the only thing i would change about tuesday if i could is to rewind to the point where we went to starbucks. i definitely would NOT have ordered my mocha made with soy milk. it was a first for me and also a last. thank you, laura for trekking down to my neck of the woods and remembering with me :)


Ken, Natalie & Liam said...

I can completely relate- I felt the same way after returning from Thailand. After moving last month I came across my album that I did up from my trip... brought back a lot of wonderful memories. That's great that you were able to reconnect with your friend!

Aimee said...

Great post Heidi. Loved the little peek into your trip and to the feelings surrounding coming home. Glad you and Laura got to reconnect!

Grandma J. said...

Heidi, I hope I wasn't one to have a glazed eye look as you wanted to relate stories - I know that time in Africa matured you and strengthened you in your faith. Thanks for sharing about your day with Laura.

Megan said...

My name is Megan Beck. I have read your blog for awhile now and am touched by this last post of yours. When I was young my family went to Kenya lived there for 3 months as missionaries. It was a time for me that I too will never forget. If there is one place that I would love to take my husband and children one day it would be to the Masi Mara. The beauty and elegance of God's creation there is breathtaking. I can truly say I understand the feelings that you felt when you returned. I can only imagine how your time with your friend would have is in those times that are truly meaningful and special. Thanks for helping me remember one of the places that I will forever love and cherish.

running wildly said...

Just so you know, I'm still contemplating joining your "fit girlie club." I've even taken the photos. But now, I've got to gain the confidence to join and post them.
Can you send me the link and I'll sit on it for a while until I'm ready?!

Janet said...

That is awesome. I haven't traveled out of the U.S. Someday Daniel would love to return to Germany. Thanks for sharing, I am slowly but surely getting to know you. LOL!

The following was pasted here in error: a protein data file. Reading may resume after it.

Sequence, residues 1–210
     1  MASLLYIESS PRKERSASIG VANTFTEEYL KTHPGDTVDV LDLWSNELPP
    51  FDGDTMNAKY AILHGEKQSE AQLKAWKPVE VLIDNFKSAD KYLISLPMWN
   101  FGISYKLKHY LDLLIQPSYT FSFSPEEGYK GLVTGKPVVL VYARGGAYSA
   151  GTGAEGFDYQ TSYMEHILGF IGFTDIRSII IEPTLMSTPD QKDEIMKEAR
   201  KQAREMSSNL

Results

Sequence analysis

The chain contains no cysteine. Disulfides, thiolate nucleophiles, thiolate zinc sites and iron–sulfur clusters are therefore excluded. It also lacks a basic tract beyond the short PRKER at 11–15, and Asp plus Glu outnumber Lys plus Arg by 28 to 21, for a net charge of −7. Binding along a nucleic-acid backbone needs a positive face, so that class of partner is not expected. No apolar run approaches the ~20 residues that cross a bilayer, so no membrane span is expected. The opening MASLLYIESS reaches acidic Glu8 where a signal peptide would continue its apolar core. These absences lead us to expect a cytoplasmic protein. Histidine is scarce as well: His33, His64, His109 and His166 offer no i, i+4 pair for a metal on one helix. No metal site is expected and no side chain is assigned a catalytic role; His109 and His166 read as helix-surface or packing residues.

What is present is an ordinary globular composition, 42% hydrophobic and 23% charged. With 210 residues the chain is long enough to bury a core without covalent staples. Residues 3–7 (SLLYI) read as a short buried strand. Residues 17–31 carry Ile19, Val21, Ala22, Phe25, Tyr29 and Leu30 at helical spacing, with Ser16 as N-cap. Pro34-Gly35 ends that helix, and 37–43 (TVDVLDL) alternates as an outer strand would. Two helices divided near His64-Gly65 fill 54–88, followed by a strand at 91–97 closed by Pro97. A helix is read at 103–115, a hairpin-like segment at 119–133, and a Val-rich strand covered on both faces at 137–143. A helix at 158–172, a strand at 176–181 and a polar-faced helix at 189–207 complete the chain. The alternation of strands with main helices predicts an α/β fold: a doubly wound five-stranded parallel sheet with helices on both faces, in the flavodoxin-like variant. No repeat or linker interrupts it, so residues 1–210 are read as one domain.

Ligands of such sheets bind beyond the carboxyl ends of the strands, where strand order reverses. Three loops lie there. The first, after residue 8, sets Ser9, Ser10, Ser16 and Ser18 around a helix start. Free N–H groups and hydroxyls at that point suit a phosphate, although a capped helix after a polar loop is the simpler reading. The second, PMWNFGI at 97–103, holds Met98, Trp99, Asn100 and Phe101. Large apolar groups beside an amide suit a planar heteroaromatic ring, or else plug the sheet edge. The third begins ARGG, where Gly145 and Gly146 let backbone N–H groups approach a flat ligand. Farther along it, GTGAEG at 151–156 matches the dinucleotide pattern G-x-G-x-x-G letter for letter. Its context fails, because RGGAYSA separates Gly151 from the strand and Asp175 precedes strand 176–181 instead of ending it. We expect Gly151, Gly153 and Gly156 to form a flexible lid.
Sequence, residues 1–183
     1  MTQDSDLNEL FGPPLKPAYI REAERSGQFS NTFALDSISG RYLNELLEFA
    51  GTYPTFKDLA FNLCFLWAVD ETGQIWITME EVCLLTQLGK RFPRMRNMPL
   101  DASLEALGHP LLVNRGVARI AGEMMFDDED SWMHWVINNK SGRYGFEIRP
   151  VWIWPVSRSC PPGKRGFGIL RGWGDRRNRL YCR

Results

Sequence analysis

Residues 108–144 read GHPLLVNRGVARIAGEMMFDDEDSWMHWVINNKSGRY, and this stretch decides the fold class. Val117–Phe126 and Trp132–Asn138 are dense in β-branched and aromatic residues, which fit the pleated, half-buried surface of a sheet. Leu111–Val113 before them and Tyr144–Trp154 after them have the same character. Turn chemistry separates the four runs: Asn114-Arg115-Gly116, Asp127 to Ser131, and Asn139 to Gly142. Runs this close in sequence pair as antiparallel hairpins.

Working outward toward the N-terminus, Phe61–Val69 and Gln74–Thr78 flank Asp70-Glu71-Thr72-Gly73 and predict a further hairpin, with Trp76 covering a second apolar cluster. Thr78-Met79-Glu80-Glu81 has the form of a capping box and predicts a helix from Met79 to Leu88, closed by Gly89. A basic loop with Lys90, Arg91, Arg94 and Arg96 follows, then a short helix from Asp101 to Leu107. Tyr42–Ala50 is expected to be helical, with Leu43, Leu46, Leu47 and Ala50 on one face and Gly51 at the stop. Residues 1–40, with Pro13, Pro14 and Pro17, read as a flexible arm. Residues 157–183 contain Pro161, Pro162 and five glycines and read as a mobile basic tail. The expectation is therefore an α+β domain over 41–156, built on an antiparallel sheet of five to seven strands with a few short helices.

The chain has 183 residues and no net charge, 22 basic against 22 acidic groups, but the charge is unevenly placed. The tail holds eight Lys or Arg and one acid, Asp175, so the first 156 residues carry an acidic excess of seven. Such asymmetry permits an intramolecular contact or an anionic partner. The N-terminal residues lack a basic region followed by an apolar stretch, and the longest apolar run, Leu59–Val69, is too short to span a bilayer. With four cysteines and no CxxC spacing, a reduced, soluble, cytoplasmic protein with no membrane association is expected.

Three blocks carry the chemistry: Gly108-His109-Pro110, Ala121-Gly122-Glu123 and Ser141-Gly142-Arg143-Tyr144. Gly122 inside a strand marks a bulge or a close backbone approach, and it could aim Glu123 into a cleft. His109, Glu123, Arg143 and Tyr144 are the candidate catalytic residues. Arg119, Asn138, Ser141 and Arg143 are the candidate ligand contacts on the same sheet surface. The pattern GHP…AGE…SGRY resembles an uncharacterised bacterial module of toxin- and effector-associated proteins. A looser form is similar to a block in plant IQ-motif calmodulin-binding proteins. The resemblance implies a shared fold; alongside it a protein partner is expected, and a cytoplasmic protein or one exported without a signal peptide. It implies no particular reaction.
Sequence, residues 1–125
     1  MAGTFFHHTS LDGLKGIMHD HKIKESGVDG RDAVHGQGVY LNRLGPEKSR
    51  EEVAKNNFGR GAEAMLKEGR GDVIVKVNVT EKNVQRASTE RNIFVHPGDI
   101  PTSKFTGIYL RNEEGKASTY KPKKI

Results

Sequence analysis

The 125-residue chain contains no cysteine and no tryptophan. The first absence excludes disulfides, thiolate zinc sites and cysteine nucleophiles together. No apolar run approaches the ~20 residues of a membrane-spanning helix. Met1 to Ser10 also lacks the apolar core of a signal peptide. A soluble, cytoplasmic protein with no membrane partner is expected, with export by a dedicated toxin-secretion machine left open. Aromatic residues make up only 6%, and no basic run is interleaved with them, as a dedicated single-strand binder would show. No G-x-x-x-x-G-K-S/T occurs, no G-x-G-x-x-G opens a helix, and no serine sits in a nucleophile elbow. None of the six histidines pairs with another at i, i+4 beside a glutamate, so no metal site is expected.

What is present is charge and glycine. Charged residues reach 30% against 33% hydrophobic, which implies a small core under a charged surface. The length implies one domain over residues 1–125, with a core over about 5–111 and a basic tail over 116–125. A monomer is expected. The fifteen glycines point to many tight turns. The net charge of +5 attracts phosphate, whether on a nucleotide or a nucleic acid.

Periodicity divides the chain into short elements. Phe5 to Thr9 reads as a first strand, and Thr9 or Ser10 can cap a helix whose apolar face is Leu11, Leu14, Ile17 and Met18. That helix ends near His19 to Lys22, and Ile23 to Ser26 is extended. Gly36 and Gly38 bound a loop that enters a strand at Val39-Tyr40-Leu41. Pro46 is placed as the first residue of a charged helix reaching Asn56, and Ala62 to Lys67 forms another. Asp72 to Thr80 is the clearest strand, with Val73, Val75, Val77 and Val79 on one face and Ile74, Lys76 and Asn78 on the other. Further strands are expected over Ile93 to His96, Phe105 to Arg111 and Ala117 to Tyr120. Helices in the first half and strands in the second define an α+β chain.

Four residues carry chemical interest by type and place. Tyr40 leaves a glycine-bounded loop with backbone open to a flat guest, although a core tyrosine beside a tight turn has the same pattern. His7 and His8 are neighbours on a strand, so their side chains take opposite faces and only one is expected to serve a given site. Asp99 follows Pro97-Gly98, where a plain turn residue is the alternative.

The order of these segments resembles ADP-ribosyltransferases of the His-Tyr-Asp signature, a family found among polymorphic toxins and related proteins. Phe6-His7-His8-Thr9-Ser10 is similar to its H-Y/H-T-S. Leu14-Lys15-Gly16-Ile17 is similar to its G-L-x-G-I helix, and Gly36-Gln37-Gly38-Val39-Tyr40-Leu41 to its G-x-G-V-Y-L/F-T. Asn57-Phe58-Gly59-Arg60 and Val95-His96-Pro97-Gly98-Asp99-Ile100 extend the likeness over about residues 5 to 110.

Cherie said...

Ahhhh I hate ugali!!! its so disgusting!! chippoties were amazing though:)

Kathy said...

Heidi, How special that you got to share beloved memories with your friend. Isn't that something about having different favorite memories. I find that with my brother and our childhood. He'll say, "You DON'T remember THAT??" in sort of a disgusted way. I am SUPPOSED to remember all his memories :)

Thoughts on Life and Millinery. said...

Oh Heidi, isn't it difficult to read about all that is happening in Kenya now?
We have students from there at my college, and all us faculty members have been advised to be mindful of what trama they are going through right now. I always wanted to visit Kenya, and now I wonder if and when it will ever become a safe place to visit again, and also how the missionaries are doing.

I loved reading your happy memories, you were so blessed to be able to do such a wonderful trip.

Lovella said...

Heidi, we had a wonderful speaker from Kenya a few Sunday's ago. I wish I could have read this post first. My heart broke for the people of Kenya and all they are struggling through.
As usual. .I felt a little goosebumpy when reading your writing. You have the ability to draw memories and emotions out of all of us as we read.

lil said...

It's been fun reading your blog about Africa, and also the comments. Just wanted you to check out another blog of a friend of ours from Cranny. It's at, and Rachel has been in Uganda for several years.

Check it out sometime.

lil said...

Sorry, Heidi, it's plural "places4ewe" and then the rest. =)